When you are faced with a choice — say, whether to have ice cream or chocolate cake for dessert — sets of brain cells just above your eyes fire as you weigh your options. Animal studies have shown that each option activates a distinct set of neurons in the brain. The more enticing the offer, the faster the corresponding neurons fire.
Now, a study in monkeys by researchers at Washington University School of Medicine in St. Louis has shown that the activity of these neurons encodes the value of the options and determines the final decision. In the experiments, researchers let animals choose between different juice flavors. By changing the neurons’ activity, the researchers changed how appealing the monkeys found each option, leading the animals to make different choices. The study is published Nov. 2 in the journal Nature.
A detailed understanding of how options are valued and choices are made in the brain will help us understand how decision-making goes wrong in people with conditions such as addiction, eating disorders, depression and schizophrenia.
“In a number of mental and neuropsychiatric disorders, patients consistently make poor choices, but we don’t understand exactly why,” said senior author Camillo Padoa-Schioppa, PhD, a professor of neuroscience, of economics and of biomedical engineering. “Now we have located one critical piece of this puzzle. As we shed light on the neural mechanisms underlying choices, we’ll gain a deeper understanding of these disorders.”
In the 18th century, economists Daniel Bernoulli, Adam Smith and Jeremy Bentham suggested that people choose among options by computing the subjective value of each offer, taking into consideration factors such as quantity, quality, cost and the probability of actually receiving the promised offer. Once computed, values would be compared to make a decision. It took nearly three centuries to find the first concrete evidence of such calculations and comparisons in the brain. In 2006, Padoa-Schioppa and John Assad, PhD, a professor of neurobiology at Harvard Medical School, published a groundbreaking paper in Nature describing the discovery of neurons that encode the subjective value offered and chosen goods. The neurons were found in the orbitofrontal cortex, an area of the brain just above the eyes involved in goal-directed behavior.
At the time, though, they were unable to demonstrate that the values encoded in the brain led directly to choosing one option over another.
“We found neurons encoding subjective values, but value signals can guide all sorts of behaviors, not just choice,” Padoa-Schioppa said. “They can guide learning, emotion, perceptual attention, and aspects of motor control. We needed to show that value signals in a particular brain region guide choices.”
To examine the connection between values encoded by neurons and choice behavior, researchers performed two experiments. The study was conducted by first authors Sébastien Ballesta, PhD, then a postdoctoral researcher, and Weikang Shi, a graduate student, with the help of Katherine Conen, PhD, then a graduate student, who designed one of the experiments. Ballesta is now an associate professor at the University of Strasbourg in Strasbourg, France; Conen is now at Brown University.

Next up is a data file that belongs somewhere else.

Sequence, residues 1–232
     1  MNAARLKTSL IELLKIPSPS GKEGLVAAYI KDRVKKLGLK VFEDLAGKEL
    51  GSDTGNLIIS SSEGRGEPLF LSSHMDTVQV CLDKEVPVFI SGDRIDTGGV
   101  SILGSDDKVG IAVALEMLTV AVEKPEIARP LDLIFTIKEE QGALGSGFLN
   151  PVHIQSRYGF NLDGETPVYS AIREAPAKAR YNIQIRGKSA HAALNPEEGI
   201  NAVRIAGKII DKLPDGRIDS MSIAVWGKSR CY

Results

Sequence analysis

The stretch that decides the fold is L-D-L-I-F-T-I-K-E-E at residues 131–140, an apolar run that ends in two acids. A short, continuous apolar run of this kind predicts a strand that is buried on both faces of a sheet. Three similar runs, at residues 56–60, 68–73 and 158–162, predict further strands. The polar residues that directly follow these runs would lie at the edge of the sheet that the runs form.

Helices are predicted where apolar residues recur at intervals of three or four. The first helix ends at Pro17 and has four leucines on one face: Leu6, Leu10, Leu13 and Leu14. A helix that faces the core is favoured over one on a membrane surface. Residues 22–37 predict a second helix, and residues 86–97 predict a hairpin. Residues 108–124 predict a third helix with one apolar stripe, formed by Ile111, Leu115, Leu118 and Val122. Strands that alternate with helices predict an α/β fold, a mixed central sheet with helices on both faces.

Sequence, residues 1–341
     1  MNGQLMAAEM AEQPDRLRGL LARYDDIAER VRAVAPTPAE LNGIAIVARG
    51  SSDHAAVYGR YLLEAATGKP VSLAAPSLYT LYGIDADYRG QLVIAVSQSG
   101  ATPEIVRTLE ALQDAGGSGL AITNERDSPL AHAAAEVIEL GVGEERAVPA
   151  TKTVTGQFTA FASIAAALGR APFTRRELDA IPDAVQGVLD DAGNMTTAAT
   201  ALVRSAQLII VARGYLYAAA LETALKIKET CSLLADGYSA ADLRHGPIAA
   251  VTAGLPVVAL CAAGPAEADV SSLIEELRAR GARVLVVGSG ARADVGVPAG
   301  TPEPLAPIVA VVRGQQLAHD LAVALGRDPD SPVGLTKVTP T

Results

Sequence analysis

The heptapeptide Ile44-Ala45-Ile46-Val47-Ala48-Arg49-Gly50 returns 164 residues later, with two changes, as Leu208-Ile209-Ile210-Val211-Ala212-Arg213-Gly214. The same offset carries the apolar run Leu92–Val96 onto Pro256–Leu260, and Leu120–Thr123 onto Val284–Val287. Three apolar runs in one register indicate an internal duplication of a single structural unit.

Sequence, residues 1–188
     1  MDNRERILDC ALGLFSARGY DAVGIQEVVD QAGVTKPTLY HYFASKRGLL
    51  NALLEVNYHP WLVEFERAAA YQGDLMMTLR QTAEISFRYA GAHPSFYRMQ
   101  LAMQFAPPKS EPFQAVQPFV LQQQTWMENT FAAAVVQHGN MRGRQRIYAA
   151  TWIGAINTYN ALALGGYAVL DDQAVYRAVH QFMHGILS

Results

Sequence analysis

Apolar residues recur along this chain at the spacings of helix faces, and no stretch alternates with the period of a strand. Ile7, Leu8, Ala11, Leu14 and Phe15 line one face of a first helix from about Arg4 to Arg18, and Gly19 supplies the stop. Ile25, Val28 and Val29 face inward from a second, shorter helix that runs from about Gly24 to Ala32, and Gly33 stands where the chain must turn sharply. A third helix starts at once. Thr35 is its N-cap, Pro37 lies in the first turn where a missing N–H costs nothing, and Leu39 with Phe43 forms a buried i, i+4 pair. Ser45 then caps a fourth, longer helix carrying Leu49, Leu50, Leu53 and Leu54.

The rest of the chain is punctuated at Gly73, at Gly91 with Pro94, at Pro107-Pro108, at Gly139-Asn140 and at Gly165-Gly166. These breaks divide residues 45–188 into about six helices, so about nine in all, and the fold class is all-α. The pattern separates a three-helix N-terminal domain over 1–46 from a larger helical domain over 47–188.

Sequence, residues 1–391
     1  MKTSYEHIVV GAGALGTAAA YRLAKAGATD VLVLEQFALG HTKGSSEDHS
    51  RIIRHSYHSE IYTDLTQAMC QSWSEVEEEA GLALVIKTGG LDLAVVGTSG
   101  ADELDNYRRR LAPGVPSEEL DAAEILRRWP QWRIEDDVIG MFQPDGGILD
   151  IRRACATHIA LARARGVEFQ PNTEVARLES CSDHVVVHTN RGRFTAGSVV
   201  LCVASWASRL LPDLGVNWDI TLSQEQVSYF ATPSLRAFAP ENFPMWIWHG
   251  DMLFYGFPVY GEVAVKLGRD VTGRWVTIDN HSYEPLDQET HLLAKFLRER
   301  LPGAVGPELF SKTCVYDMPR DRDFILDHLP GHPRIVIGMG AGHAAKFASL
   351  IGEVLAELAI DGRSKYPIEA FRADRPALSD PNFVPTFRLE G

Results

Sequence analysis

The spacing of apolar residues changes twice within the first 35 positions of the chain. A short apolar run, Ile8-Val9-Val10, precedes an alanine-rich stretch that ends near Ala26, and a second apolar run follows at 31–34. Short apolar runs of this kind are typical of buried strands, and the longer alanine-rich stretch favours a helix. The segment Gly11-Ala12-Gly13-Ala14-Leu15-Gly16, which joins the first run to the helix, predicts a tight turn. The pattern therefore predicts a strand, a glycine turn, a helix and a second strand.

In one experiment, the researchers repeatedly presented monkeys with two drinks and recorded the animals’ selections. The drinks were offered in varying amounts and included lemonade, grape juice, cherry juice, peach juice, fruit punch, apple juice, cranberry juice, peppermint tea, kiwi punch, watermelon juice and salted water. The monkeys often preferred one flavor over another, but they also liked to get more rather than less, so their decisions were not always easy. Each monkey indicated its choice by glancing toward it, and the chosen drink was delivered.
Then, the researchers placed tiny electrodes in each monkey’s orbitofrontal cortex. The electrodes painlessly stimulate the neurons that represent the value of each option. When the researchers delivered a low current through the electrodes while a monkey was offered two drinks, neurons dedicated to both options began to fire faster. From the perspective of the monkey, this meant that both options became more appealing but, because of the way values are encoded in the brain, the appeal of one option increased more than that of the other. The upshot is that low-level stimulation made the animal more likely to choose one particular option, in a predictable way.
In another experiment, the monkeys saw first one option, then the other, before they made a choice. Delivering a higher current while the monkey was considering one option disrupted the computation of value taking place at that time, making the monkey more likely to choose whichever option was not disrupted. This result indicates that values computed in the orbitofrontal cortex are a necessary part of making a choice.
“When it comes to this kind of choices, the monkey brain and the human brain appear very similar,” Padoa-Schioppa said. “We think that this same neural circuit underlies all sorts of choices people make, such as between different dishes on a restaurant menu, financial investments, or candidates in an election. Even major life decisions like which career to choose or whom to marry probably utilize this circuit. Every time a choice is based on subjective preferences, this neural circuit is responsible for it.”